Going off on that “tangent” (forgive the pun), graphs can not only “cross through” or “bounce off” zero, but also infinity, leading to a much more symmetrical way to understand the behavior of polynomial, rational, and trigonometric functions.

We can even apply this idea to conic sections, letting an ellipse send off one of its foci to infinity, becoming a parabola for a split second, and then coming out the other side, twisted in the process, to reveal a hyperbola.

So much of math reveals bizarre and beautiful new worlds when we question our underlying assumptions, dare to dream a little, and explore new avenues of thought.

8. Complexity is beautiful


The relationships only become even more profound when we repeat our construction in the complex numbers — that is, all the numbers of the form \(a+bi\), where \(a\) and \(b\) are real and \(i\) is the square root of \(-1\).

Remember that the complex numbers are best understood not as a line of numbers, but as a plane of numbers. We can repeat our construction by adding a third dimension (so that we have somewhere to project from), using the unit sphere instead of the unit circle, placing a point at the top of the sphere and drawing the line connecting it to any point we’d like on the complex plane. That line again intersects the sphere at exactly one other point for any finite complex number, so we think of that point as where the complex number “lives” on that sphere.

When we go off to infinity in any direction, though, the projection always ends up at the top of the sphere! Again we label this point at the top as \(\overset\sim\infty\), but since the complex numbers have not just positives and negatives but infinitely many directions, we call it complex infinityThe sphere we get by including complex infinity is often called the Riemann sphere, and it, too, allows us to divide by zero. The Riemann sphere is a fundamental object in branches of mathematics like complex analysis and algebraic geometry — truly beautiful subjects that really tie together the rest of mathematics.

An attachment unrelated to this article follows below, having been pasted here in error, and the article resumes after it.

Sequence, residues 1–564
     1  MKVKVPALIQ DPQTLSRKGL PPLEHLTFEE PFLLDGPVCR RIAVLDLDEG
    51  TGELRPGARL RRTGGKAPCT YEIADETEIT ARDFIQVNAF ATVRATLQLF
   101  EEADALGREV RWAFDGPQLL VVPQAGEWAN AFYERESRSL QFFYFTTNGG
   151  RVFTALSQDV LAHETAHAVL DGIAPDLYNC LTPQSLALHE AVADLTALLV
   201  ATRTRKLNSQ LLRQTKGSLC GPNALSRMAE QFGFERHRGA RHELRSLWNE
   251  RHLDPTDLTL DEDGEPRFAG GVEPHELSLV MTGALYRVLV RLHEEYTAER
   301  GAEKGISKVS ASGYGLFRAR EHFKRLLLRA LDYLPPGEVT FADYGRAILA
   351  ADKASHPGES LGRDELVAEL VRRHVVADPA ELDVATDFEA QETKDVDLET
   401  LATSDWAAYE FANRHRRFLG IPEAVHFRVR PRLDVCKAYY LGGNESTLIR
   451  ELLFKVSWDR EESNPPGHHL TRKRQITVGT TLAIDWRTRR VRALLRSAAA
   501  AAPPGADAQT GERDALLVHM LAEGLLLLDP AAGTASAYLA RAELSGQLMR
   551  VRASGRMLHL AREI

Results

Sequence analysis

9. Fielding an objection


It may seem like we’ve made some kind of universe-shattering discovery that will forever change the face of mathematics as we know it. But surprisingly, it actually isn’t all that new of an idea — plenty of mathematicians already know about the projective reals and use them all the time.

So why don’t all the textbooks teach it this way? Why don’t we learn from the get-go that division by zero yields this special infinity? Don’t students all over the world deserve to know the truth?

To get some idea of why this isn’t being shouted from the rooftops, we need to look a little more closely at the algebraic rules that govern our new number system we’ve created.

A very important concept in the study of algebra is the idea of a field. For our purposes, we can think a field of as a number system in which the four classical operations of addition, subtraction, multiplication, and division work “nicely”, meaning that they follow particular rules that make computations easy, especially when it comes to algebra. We can rearrange and regroup terms, and even cancel them out using inverses — basically everything you’d need to solve an algebraic equation. The sole exception is that zero doesn’t have a multiplicative inverse, since it can be proven — not just assumed! — that in any field, anything times zero equals zero, never one.



In abstract algebra, a field is a set of numbers (or number-like objects) containing two operations, called addition (\(+\)) and multiplication (\(\times\)), which follow certain rules.

Addition and multiplication are commutative, meaning that the order of numbers doesn’t matter:

\[a+b=b+a\qquad a\times b=b\times a\]